SXSW Apologizes for Canceling Two Gamer Panels, Will Create an Online Harassment Summit "We made a mistake," SXSW Interactive's director said on the decision to cancel the panels after threats of violence.
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Earlier this week SXSW Interactive, the technology component of the annual Austin, Texas-based festival, abruptly announced that it had cancelled two gamer panels due to "numerous threats of on-site violence."
Today Hugh Forrest, the event's director, publicly apologized for that decision and announced the creation of a day-long online harassment summit to take place alongside SXSW 2016.
"We made a mistake," he said in a statement. "By canceling two sessions we sent an unintended message that SXSW not only tolerates online harassment but condones it, and for that we are truly sorry."
The panels were dropped thanks to Gamergate, an online movement that officially promotes ethics in video-game journalism but is better-known for its vicious online trolling and harassment of its opponents. While neither of the panels – one was affiliated with Gamergate, the other was to be discussion of online harassment -- explicitly mentioned Gamergate, both were slated to discuss Gamergate-adjacent topics from opposing sides of the issue.
Explaining his initial decision to cancel both panels, Forrest said at the time that "maintaining civil and respectful dialogue within the big tent is more important than any particular session."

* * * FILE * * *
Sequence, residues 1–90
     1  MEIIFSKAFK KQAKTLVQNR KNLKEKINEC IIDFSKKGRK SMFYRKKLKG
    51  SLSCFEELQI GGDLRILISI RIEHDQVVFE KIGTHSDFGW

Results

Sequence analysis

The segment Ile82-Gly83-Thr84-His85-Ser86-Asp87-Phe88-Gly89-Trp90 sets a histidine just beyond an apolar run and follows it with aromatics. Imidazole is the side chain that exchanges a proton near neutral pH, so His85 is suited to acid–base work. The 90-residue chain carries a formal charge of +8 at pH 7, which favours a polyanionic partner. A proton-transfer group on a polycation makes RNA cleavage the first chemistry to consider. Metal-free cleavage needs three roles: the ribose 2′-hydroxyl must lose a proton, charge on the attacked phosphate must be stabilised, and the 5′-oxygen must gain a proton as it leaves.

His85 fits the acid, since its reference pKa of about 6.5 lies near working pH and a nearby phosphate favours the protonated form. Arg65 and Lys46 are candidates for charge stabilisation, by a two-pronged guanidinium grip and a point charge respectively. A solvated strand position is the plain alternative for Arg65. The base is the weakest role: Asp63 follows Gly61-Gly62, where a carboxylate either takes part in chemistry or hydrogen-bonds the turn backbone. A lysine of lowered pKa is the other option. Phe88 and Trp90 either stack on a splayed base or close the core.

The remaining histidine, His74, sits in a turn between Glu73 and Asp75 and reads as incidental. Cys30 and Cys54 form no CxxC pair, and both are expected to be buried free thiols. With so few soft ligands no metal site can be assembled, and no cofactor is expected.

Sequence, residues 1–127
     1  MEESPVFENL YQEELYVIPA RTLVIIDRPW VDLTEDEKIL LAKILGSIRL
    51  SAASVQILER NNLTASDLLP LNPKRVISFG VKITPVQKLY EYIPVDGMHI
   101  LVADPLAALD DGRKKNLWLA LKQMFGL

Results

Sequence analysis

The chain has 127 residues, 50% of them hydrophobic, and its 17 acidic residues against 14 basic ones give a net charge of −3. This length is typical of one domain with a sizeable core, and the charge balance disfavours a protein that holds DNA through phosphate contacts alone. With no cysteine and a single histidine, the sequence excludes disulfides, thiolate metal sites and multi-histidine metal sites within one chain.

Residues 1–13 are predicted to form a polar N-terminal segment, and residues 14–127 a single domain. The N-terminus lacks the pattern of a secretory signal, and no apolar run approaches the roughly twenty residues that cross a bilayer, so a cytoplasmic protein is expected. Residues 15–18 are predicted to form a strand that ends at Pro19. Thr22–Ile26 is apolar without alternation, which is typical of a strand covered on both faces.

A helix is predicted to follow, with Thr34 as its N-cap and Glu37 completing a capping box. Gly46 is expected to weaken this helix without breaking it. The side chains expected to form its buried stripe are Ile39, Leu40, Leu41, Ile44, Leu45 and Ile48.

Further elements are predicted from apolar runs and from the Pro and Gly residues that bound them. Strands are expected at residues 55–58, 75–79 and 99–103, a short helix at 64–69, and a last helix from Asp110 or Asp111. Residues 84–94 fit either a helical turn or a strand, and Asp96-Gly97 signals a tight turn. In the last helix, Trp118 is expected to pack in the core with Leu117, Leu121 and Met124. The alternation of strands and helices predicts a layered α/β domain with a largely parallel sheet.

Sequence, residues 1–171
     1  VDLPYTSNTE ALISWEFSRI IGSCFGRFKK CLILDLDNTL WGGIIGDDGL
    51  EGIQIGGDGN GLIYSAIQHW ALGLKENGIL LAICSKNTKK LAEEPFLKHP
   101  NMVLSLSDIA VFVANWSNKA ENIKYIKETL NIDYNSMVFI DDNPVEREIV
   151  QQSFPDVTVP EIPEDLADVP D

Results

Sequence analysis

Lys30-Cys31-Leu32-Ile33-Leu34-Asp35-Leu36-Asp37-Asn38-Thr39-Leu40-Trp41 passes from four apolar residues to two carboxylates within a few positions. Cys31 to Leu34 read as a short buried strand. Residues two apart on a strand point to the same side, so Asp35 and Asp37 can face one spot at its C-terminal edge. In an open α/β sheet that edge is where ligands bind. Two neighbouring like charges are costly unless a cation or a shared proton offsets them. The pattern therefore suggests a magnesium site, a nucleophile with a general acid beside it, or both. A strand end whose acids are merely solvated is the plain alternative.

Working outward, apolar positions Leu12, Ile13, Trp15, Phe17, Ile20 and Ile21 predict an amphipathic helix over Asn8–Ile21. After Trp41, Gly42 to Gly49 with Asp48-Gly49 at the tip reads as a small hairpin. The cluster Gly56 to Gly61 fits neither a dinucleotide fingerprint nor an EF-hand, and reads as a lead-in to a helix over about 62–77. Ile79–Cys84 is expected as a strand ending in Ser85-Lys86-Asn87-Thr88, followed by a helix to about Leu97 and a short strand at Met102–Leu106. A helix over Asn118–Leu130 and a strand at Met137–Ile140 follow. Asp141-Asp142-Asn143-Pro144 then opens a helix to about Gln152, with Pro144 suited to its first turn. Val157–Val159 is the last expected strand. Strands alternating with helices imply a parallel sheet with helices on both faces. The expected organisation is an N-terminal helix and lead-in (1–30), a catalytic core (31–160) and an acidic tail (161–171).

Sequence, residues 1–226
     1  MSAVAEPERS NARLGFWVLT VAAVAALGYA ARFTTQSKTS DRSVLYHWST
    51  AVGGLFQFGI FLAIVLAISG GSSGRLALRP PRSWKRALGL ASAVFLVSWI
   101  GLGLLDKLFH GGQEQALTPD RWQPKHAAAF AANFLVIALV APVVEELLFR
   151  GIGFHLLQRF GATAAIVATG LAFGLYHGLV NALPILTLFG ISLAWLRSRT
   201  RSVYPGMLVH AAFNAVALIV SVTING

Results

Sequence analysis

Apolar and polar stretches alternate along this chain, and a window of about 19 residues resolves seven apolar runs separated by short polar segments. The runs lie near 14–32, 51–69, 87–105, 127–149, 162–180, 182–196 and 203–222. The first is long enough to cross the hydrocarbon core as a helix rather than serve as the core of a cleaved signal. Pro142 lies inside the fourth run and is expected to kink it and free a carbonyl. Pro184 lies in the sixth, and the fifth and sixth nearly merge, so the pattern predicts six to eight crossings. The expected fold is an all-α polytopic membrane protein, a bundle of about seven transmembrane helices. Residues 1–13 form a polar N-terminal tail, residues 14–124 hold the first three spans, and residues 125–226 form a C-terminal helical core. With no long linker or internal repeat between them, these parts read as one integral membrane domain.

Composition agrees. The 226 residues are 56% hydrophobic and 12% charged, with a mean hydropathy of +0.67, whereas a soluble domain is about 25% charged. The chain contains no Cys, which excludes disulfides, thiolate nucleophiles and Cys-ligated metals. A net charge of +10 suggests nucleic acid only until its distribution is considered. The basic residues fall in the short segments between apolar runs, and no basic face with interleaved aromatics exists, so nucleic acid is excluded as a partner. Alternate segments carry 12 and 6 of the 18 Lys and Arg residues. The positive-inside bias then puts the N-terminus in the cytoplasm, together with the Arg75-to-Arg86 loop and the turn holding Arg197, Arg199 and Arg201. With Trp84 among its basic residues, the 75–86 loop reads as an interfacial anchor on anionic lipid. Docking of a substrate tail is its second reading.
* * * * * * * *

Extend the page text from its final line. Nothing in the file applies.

The backlash was swift; Speakers on the cancelled online harassment panel took to Twitter to voice displeasure.
"The resulting feedback from the individuals involved and the community-at-large resonated loud and clear," Forrest said. "While we made the decision in the interest of safety for all of our attendees, cancelling sessions was not an appropriate response. We have been working with the authorities and security experts to determine the best way to proceed."
The two cancelled panels will not be reinstated into SXSW itself, but instead speakers from both panels will be invited to "expand the conversation" at the day-long summit.
Said Forrest: "It is clear that online harassment is a problem that requires more than two panel discussions to address."